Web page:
Paige Introduces New Enhancing Education Through Technology Program
In an effort to improve student achievement through the use of technology, U.S.
Secretary of Education Rod Paige today announced that states can apply for grants
under the new Enhancing Education Through Technology (ED Tech) program.
The goals of the new program, which is included in the No Child Left Behind
Act, are to improve student academic achievement through the use of technology
in elementary schools and secondary schools; assist students in crossing the
digital divide by ensuring that they are technologically literate by the time
they finish the eighth grade; and ensure that teachers are able to integrate
technology into the curriculum to improve student achievement.
"It’s not enough to have a computer and an Internet connection in the
classroom if they are not turned on. It’s not even enough to turn them on if
they are not integrated into the curriculum," Secretary Paige said. "And
it’s pointless to integrate them into the curriculum if they don’t add value
to student performance. "So our mission should be about the quality of
education, not the quantity of computers. We must focus on how we use technology
to get results. And that’s what this program is designed to do."
The Ed Tech program provides $700 million for FY2002 to the states and territories.
Applications must describe:
- Goals for using advanced technology to improve student academic achievement,
and how those goals are aligned with challenging state academic standards.
- The long-term strategies for improving student academic achievement, through
the effective use of technology in classrooms.
- How the state will ensure that technology will be fully integrated into
the curricula and instruction of the schools by December 31, 2006.
- How the states address teacher preparation, professional development, and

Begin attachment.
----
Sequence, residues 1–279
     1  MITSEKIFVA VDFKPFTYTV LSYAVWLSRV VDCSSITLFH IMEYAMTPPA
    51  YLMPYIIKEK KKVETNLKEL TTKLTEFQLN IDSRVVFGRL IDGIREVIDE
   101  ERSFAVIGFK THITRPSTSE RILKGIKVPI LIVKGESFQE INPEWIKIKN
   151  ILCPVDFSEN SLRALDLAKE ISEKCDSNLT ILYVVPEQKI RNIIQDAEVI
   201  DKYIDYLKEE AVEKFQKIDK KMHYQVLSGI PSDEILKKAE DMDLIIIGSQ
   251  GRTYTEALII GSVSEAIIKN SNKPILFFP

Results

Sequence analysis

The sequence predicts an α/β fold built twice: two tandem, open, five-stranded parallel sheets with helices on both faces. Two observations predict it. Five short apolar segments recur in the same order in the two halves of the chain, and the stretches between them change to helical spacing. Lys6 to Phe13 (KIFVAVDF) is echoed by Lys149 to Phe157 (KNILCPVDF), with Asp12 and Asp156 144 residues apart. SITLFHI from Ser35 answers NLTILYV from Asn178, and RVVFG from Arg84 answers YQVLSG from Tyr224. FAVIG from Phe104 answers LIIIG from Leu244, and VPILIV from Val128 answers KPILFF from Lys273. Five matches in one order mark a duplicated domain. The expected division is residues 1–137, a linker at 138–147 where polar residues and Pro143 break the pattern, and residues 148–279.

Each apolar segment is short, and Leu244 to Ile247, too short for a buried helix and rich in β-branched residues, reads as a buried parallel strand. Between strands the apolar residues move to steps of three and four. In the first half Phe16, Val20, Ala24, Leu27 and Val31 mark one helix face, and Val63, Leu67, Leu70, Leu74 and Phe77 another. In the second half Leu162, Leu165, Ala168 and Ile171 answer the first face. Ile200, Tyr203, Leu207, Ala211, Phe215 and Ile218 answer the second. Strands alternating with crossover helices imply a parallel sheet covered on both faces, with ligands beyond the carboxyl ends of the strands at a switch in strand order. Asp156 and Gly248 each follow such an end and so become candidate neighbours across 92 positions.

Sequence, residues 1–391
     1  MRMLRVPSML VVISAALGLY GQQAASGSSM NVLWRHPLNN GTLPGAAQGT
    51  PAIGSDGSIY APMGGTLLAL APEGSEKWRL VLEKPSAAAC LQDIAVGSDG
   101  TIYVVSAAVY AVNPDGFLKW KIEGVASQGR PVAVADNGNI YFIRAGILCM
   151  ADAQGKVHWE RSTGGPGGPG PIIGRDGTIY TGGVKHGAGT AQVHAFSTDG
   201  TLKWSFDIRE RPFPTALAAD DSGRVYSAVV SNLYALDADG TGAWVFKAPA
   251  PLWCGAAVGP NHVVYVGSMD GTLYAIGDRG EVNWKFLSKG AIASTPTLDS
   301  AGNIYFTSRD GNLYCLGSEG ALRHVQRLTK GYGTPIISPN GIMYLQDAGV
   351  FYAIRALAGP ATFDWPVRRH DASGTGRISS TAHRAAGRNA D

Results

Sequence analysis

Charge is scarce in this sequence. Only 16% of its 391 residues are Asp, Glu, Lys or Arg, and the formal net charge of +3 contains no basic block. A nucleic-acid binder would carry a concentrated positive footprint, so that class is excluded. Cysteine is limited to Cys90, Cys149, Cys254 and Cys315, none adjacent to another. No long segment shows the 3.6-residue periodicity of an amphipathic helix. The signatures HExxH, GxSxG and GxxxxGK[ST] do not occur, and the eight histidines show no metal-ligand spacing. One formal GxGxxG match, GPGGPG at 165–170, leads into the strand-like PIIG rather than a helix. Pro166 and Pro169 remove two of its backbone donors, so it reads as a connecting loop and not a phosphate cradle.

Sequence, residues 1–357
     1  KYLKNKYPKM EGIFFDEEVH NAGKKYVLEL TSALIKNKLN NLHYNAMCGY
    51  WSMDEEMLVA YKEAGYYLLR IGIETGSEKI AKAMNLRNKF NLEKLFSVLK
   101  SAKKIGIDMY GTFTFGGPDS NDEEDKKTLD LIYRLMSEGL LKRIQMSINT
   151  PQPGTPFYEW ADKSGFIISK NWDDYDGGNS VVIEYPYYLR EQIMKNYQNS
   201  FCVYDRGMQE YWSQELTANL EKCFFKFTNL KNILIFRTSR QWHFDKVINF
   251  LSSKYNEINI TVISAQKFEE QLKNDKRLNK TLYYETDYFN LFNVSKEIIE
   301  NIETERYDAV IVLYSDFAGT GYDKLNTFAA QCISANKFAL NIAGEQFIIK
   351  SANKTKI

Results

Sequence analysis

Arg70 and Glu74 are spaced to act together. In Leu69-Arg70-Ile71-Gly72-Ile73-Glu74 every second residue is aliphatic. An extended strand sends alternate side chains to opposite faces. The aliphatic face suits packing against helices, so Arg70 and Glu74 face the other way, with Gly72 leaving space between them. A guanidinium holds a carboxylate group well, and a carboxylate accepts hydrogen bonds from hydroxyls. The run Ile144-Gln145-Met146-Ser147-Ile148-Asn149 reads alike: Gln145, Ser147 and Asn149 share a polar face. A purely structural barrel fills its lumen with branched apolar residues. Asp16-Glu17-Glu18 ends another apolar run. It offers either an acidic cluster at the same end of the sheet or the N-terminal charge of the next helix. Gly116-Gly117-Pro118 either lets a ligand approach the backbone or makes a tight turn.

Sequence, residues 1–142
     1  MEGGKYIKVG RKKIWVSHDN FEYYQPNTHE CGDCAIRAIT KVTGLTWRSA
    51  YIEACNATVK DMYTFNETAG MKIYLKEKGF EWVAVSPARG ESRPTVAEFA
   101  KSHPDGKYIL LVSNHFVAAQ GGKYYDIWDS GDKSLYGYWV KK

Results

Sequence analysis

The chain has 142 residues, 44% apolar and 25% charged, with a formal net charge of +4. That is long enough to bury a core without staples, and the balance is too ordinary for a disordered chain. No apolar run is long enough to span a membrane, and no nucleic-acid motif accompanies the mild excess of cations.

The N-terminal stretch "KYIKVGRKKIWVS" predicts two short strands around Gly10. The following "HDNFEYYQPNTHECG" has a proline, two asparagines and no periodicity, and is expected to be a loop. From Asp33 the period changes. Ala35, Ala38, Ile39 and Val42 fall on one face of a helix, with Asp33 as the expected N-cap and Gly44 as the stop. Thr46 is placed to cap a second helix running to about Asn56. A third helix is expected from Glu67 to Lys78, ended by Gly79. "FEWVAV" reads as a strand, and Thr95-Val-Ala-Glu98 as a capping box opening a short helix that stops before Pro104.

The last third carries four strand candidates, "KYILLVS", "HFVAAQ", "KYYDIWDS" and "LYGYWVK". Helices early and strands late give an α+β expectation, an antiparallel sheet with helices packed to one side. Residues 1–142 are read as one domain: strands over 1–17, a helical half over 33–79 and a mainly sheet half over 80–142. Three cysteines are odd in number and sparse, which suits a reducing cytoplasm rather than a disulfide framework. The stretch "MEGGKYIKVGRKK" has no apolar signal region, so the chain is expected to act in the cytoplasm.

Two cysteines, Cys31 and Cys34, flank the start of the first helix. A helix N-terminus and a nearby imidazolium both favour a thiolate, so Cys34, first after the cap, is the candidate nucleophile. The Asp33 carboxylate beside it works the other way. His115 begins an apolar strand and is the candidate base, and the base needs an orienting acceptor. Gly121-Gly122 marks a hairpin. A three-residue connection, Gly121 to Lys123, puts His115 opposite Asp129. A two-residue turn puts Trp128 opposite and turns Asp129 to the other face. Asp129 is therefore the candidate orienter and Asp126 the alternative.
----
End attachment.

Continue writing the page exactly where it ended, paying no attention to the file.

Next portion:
curriculum development to ensure that teachers and principals in the state
are technologically literate.
- The strategies the state will use to encourage the use of distance learning
for the rigorous academic courses.
The steps the state will take to ensure that all students and teachers, particularly
those in high-need schools, have increased access to technology.
A state may use up to five percent of its allotment for state-level activities,
and distribute the remainder of the funds on a formula or competitive basis
to school districts or other eligible local organizations that have submitted
To accommodate states that may need funding immediately to maintain services
as they make the transition from the predecessor technology program to the new
program, the department intends to award allocations of about $150,000 per state
immediately. The department plans to provide the remaining portions of their
allotments after their applications have been approved and the FY2002 allocations
For a copy of the application and information on the goals and purposes of
the program, visit the department’s website at www.ed.gov/offices/OESE/esea/regsandguidance.html.
Contact: David Thomas